4. I definitely agree that we're all trying our best, and take comfort that there are so many strong women out there who have not only taken care of 'business', but are on the road (or have already arrived...) to becoming healthy, happy individuals. Thanks for the comment!

  5. Hi, I'm the one that posted that quote about deadbeat dads. Glad it inspired you to write this - which I could have easily written myself as our situations are very similar. The difference being that I did take my daughter's father to court for child support. It was a nightmare and disgusting to see how hard he fought that responsibility. We can't make them be fathers but the law can make them pay their fair share. I also don't have any family like you do to help pick up his slack.

    As far as the "badmouthing" goes, I write about him and the things he does as it affects me and my daughter's lives on a frequent basis. He is a DBD and we rarely see him, but he's in our life enough to wreak havok when he chooses. I don't "bash" him and everything I write about him are facts, much like you did here. And MANY single moms can relate to what I write; single moms that also have ongoing issues with co-parenting and legal stuff that is sometimes a part of our daily lives. Of course we will blog about it!

    I would love to be in a different situation - where there was nothing to write about - that it was all in the past - but I am not so "lucky". And I think it's important to share these trials and tribulations with other single moms. It's not about "badmouthing" - it's the legacy we were left to deal with. Sorry this was so long. You can read more here:

  6. Thanks for the comment!

    I agree with you- I also think it's important to share these trials and tribulations with other single moms. The Internet is a great forum for discussing some of the issues.

    My kid's dad is not in the picture, which on one hand makes things easier, but on the other, is emotionally very difficult for my daughter to handle. It's complicated, confusing stuff. I certainly talked about her father much more often when I had to deal with him face-to-face (or via email or call) on a regular basis.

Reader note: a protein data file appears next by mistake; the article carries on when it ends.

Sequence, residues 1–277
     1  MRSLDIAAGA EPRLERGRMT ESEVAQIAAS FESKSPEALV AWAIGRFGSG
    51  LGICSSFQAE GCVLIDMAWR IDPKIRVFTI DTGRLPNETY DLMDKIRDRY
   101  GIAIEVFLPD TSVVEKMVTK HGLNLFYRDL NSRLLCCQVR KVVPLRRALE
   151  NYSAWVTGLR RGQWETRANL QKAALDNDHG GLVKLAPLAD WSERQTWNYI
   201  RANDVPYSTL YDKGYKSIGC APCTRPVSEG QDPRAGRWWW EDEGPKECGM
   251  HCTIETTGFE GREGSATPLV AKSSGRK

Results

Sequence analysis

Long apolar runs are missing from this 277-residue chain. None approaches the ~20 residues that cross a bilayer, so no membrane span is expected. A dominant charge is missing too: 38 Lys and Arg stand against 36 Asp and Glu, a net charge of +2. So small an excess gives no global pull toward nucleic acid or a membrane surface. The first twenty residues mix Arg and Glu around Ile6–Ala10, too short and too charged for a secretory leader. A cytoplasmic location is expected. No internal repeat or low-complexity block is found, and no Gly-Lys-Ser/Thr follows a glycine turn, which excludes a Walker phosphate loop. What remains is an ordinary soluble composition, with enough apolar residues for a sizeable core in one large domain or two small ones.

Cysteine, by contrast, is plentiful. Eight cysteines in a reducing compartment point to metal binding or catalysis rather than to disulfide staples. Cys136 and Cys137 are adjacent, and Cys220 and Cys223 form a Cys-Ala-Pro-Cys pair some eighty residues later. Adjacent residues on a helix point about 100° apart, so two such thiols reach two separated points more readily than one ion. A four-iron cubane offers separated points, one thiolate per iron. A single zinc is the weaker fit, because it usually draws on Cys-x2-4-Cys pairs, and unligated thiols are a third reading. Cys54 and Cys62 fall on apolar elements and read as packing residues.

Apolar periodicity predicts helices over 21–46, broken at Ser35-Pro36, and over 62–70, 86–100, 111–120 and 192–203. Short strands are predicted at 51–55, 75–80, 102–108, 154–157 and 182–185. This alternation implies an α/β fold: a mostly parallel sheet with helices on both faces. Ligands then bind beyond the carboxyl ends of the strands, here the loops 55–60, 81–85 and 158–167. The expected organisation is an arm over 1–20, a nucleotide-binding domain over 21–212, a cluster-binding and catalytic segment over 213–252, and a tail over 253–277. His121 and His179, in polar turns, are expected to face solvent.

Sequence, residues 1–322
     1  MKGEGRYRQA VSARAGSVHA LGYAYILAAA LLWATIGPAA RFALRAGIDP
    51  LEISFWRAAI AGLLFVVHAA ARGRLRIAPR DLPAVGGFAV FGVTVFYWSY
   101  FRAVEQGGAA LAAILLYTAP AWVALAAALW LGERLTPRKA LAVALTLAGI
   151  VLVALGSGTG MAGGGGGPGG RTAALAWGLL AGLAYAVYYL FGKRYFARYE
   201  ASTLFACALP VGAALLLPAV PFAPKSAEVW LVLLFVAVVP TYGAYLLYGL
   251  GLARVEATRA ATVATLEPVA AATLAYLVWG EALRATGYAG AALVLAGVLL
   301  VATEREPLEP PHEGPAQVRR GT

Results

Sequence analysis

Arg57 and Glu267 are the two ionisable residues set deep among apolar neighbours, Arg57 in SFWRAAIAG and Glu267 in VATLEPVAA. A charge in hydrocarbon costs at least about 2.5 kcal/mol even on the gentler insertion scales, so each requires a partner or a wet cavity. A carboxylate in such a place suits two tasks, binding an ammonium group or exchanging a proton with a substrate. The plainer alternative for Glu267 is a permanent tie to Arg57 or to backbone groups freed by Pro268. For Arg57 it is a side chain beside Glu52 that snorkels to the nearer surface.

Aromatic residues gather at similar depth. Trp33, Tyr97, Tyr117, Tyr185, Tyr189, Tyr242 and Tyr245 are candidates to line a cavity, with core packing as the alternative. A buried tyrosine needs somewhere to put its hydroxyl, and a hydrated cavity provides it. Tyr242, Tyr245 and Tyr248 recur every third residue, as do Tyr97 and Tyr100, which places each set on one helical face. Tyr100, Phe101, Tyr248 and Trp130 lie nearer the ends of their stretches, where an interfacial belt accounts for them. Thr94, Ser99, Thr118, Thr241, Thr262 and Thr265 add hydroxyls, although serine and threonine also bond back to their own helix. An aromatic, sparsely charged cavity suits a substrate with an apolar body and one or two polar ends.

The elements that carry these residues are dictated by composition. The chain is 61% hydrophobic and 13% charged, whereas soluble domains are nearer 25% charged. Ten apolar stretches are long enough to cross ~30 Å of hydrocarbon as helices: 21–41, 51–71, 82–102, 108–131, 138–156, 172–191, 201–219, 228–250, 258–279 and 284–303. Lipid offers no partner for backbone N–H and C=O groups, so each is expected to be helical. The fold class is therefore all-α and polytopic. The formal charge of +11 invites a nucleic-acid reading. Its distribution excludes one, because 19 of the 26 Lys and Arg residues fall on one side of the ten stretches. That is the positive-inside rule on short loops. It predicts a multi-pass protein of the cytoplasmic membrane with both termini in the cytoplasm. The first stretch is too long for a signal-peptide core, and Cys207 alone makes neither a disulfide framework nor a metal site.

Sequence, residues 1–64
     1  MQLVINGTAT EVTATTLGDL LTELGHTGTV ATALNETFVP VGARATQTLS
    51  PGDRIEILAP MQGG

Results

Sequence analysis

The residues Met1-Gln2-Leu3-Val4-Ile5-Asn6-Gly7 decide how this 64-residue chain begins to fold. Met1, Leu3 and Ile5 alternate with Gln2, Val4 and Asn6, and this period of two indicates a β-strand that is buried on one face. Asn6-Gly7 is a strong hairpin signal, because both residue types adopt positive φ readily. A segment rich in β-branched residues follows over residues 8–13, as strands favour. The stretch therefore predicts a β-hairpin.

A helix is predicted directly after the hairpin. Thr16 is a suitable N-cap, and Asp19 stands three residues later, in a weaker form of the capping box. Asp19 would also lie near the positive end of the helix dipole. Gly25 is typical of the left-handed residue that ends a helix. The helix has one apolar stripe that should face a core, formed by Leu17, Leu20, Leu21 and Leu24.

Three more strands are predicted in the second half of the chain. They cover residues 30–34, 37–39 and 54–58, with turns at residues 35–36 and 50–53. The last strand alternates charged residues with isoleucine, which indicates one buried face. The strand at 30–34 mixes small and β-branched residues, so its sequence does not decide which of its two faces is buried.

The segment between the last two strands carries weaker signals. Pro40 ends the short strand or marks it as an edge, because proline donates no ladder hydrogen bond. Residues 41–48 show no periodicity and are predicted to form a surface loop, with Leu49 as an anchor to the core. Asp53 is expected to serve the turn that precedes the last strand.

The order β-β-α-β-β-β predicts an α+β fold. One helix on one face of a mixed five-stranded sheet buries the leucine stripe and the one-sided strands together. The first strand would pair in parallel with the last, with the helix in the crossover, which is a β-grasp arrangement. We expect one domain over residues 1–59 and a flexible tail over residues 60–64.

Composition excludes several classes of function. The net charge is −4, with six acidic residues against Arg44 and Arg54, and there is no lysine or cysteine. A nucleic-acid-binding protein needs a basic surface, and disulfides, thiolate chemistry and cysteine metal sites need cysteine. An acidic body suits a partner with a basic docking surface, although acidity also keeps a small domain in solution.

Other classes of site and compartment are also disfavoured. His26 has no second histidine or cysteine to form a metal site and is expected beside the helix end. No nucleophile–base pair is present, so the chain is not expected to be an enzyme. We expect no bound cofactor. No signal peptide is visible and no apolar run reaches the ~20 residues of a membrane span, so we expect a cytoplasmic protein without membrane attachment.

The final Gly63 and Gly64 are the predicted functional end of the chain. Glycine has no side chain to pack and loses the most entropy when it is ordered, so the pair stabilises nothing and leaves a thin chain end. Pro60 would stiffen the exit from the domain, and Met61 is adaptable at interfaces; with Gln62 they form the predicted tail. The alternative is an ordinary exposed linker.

I'll be checking back to your site regularly to read about your perspective on all of this!

  7. Just out of curiosity...what made you move from Wisconsin to New York? How much was he a part of your daughter's life before you moved?

    My ex took our daughter to another province years ago, but it was with my permission and I absolutely stay in contact with her. However, I can understand anger and bitterness from him if he viewed your leaving as "taking his girl away from him".

    Just curious.

  8. Long story, but when I was still in Wisconsin living with my ex, he had said that he didn't want the life he had, and that for him to continue (continue what, exactly, I ask in hindsight...? continue to not take care of his kid?), he would need to move to NY.

    Well, I got busy, and applied to a prestigious school in NY- when I got in, he backed out. See, the thing is, he didn't really want to move to NY- he just wanted to blame me and the kid we had together for the ways he thought his life had failed.

    So we moved. At that point, it was necessary. Although we all lived together in Wisconsin, it was miserable... He rarely helped take care of our daughter, and, in fact, lived a party lifestyle not conducive to being a responsible parent. I could go into all of the details, but it wouldn't really be appropriate. Let's just say that he had some figuring out to do (hell, we all do, but I did my figuring out in a way so that I could still be a great parent).

    Did he later say that I had taken his daughter from him? Absolutely. But you know what? He hadn't really wanted us to stay. I just turned into the scapegoat...

    We maintained contact for a spell, although I made the decision to end this contact when a) the last visit we had ended with my daughter and I fleeing in the middle of the night, staying in a hotel, catching the first airplane home in the morning, and once home, I spent two days comforting my traumatized daughter in my bed; b) he did not want to contribute in any way to her well-being, and in fact, said some horrific things that led me to believe it just wasn't healthy for me or my kid to be around him.

    It's great that you maintain contact with your daughter. I wish that were the case for my daughter's father... But he doesn't seem to have the same head on his shoulders, nor does he appear to have an acute sense of responsibility...

    All of this, of course, is the short answer, and one, I might add, being written while I'm on Sudafed...